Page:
Ford investigates causes of car sickness

Ford investigates causes of car sickness
Researchers at Ford recently concluded that two thirds of us may at some point experience car sickness
Researchers at Ford recently concluded that two thirds of us may at some point experience car sickness
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Researchers at Ford recently concluded that two thirds of us may at some point experience car sickness
Researchers at Ford recently concluded that two thirds of us may at some point experience car sickness

Car sickness can be the bane of many a road trip. In an attempt to find a way to combat the problem, scientists at the Ford Research and Innovation Center in Germany recently teamed up with motion sickness experts in Norway to study the causes of car sickness, and to find possible ways of preventing it.

Some of what the researchers found may not be entirely surprising, like how quick stop-starts, winding roads and where you sit can exacerbate the situation. But the study additionally found some interesting things. For instance, goldfish can also get queasy in a car, but babies don't until they become toddlers and start walking.

The study discovered that two-thirds of the population will at some point experience car sickness, and it's most prevalent if you're a passenger, especially if you're a child or teenager. Sitting in the back seat and watching some type of a video game or movie (what children and teenagers like to do) with your head down for more than 10 minutes makes it worse.

Researchers found that if video screens were mounted higher and passengers could see more of the road ahead on either side, they were less likely to get sick. That may be a consideration as Ford thinks about where to place video screens that are currently embedded in the back of headrests or mounted from the ceiling.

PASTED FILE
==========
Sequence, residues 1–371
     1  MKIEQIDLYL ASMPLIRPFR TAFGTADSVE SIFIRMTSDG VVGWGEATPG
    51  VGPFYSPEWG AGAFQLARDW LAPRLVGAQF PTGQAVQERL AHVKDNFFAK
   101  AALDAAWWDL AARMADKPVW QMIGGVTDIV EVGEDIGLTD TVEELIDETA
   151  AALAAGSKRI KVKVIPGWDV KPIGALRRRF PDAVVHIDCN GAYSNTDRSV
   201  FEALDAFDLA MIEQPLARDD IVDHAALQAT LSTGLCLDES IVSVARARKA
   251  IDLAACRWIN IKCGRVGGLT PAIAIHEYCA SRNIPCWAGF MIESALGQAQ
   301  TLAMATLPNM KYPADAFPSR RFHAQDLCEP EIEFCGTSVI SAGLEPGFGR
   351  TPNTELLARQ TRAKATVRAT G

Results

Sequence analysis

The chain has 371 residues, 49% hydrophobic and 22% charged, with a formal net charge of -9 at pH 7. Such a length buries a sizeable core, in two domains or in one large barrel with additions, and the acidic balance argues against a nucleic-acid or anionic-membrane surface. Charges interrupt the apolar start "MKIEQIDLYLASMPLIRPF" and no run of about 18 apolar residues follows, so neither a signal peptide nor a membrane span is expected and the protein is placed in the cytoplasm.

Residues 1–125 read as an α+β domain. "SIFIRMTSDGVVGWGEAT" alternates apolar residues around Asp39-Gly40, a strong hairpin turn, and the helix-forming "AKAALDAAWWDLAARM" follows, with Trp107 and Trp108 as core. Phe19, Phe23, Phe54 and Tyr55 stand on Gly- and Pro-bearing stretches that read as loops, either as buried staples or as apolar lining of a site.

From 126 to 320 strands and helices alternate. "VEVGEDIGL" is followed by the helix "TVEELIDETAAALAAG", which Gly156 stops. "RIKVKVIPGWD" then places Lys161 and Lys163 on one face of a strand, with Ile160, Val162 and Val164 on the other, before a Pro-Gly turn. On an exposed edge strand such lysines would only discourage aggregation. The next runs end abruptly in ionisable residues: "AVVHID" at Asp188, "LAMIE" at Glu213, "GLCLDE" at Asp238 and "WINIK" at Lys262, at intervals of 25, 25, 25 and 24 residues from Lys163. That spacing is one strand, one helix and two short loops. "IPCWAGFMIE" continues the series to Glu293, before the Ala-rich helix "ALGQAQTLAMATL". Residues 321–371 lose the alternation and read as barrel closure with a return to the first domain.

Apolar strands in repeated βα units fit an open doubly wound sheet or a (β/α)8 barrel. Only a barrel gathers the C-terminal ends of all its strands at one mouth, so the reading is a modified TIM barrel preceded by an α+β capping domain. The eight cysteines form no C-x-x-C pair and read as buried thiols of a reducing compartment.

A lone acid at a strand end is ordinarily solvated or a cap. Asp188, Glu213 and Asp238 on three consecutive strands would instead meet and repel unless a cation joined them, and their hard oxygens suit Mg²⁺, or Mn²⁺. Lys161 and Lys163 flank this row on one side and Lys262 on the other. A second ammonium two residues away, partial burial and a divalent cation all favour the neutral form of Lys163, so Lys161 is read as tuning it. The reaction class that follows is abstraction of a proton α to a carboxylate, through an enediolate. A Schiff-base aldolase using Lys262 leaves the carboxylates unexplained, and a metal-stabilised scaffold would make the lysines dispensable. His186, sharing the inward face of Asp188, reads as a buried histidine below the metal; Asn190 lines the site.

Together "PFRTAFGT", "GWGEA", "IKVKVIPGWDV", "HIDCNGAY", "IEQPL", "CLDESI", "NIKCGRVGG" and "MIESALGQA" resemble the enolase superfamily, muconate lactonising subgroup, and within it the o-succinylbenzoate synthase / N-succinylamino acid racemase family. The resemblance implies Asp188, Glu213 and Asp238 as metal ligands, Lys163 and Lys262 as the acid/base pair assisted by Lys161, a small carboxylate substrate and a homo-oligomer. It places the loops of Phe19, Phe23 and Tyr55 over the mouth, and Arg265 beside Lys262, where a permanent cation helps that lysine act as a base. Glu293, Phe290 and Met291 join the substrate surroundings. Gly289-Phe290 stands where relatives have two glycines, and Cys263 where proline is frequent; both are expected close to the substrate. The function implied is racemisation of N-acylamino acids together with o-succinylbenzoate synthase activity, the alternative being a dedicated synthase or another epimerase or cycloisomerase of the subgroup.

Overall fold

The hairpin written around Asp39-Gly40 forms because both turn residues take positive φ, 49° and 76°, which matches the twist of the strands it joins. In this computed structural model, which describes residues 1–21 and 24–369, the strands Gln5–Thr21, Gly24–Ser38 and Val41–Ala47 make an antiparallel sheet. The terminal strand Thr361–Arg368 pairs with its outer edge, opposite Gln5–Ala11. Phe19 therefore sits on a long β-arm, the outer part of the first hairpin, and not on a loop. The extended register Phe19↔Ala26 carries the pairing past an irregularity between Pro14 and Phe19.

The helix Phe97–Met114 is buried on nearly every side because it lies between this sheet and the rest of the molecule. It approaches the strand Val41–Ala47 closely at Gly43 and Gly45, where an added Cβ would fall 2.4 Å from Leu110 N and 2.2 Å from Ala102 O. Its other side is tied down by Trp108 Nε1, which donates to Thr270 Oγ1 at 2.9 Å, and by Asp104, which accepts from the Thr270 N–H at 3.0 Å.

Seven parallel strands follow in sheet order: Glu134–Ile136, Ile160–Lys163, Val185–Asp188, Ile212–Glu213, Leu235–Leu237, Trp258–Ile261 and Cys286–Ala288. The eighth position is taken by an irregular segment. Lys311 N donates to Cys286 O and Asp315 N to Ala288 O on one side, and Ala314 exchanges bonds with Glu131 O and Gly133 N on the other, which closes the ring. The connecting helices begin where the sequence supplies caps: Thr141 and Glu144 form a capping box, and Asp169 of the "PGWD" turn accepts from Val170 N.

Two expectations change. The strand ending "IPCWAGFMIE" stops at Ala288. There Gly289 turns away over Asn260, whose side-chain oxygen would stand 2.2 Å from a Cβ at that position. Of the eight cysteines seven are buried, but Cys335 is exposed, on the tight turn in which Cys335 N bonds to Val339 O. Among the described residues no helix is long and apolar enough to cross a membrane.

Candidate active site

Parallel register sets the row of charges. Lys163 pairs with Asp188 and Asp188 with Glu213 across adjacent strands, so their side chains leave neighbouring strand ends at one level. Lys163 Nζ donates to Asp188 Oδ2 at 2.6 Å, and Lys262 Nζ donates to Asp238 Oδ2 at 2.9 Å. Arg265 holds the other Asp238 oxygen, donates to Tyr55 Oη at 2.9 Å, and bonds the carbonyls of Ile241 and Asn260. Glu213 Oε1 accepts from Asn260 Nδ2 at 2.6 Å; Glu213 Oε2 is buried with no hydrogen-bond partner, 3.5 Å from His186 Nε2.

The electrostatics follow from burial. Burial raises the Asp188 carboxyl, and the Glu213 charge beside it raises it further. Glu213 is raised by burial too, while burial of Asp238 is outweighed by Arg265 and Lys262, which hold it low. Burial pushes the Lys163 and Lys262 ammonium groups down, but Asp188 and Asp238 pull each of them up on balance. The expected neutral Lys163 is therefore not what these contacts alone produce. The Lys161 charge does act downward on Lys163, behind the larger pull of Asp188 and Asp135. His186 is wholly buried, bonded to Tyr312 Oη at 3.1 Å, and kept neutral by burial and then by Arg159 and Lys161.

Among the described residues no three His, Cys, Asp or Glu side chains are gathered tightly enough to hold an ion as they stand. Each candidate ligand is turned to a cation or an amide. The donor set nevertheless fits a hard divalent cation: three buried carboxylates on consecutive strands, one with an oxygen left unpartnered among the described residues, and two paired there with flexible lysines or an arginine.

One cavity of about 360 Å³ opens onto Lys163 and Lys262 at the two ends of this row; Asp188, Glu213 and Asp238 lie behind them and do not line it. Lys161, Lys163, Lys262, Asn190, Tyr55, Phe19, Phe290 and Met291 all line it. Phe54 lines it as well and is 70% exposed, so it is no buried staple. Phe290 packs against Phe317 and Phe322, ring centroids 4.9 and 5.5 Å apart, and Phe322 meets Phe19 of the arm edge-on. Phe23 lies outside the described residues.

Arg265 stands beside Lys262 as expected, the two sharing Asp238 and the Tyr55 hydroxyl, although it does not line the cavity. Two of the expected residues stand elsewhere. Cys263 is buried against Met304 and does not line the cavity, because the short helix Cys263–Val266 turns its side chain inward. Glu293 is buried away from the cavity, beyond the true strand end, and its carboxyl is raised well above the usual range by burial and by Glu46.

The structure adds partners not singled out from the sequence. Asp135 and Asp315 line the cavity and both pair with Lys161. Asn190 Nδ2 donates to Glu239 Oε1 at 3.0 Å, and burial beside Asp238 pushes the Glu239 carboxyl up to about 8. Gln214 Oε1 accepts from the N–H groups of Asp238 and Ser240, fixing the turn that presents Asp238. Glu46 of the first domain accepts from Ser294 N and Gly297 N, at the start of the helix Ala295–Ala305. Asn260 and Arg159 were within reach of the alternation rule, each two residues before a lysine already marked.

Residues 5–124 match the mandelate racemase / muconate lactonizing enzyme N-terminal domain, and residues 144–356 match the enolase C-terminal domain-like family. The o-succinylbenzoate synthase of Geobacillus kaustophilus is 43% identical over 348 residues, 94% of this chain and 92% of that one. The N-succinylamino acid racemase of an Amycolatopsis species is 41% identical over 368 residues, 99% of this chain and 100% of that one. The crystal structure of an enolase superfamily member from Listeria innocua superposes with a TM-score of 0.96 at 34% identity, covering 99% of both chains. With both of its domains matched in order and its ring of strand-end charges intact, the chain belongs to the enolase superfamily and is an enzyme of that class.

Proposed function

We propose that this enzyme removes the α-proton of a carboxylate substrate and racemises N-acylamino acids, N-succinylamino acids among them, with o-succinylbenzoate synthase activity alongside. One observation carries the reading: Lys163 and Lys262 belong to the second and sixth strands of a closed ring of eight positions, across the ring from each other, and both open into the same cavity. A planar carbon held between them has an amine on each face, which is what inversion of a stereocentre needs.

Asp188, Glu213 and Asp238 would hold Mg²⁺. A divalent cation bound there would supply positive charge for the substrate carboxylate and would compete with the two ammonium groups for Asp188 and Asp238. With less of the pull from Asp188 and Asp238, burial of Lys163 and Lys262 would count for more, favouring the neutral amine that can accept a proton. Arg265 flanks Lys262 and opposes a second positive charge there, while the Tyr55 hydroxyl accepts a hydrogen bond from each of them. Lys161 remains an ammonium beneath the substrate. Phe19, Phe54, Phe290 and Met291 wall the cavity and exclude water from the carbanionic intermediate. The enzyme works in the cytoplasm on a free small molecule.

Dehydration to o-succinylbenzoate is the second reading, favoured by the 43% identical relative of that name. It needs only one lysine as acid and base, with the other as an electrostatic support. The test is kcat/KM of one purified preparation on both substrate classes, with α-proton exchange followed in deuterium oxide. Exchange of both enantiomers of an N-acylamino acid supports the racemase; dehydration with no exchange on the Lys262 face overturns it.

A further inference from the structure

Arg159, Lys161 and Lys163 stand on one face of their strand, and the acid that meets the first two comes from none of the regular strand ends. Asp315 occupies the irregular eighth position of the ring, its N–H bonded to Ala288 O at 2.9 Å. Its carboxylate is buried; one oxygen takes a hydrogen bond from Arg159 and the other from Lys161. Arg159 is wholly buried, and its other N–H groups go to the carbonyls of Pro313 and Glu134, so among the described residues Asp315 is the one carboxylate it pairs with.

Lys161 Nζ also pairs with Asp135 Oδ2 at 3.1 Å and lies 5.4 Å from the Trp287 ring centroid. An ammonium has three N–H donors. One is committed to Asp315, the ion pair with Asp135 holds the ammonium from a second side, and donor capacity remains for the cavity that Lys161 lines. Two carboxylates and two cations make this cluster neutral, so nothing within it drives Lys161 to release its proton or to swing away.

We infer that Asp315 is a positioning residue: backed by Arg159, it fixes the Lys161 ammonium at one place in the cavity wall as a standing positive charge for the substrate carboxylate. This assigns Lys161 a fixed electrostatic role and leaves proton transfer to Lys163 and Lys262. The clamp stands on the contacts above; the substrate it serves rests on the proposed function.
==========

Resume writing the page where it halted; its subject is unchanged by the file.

Short of waiting for that to happen, here are some recommendations that the researchers suggested to help passengers forego the effects of car sickness ... If you can't sit in the front seat, move to the middle of the back seat. Drink cola, eat ginger biscuits, support your head with a pillow, and keep fresh air flowing in the vehicle.

Then again there's this advice for drivers from Prof. Jelte Bos, who was involved in the study. "For many drivers who think their child has a problem with car sickness, it might simply be that their child has a problem with their driving," he says. "Adopting a smoother driving style goes a long way towards reducing feelings of nausea – and it reduces fuel costs too."

Source: Ford

This story hits home for me. I have always been hypersensitive to motion sickness all my life. I don't know how anyone can watch a movie or read a book while being a passenger. Two minutes as a passenger in a car, plane or boat and I get violently ill. Dramamine helped if I took enough to sleep through the trip. Traveling was complete torture until I found that if I am the one driving it doesn't bother me at all. The connection between what you control and what you feel is very important for many of us.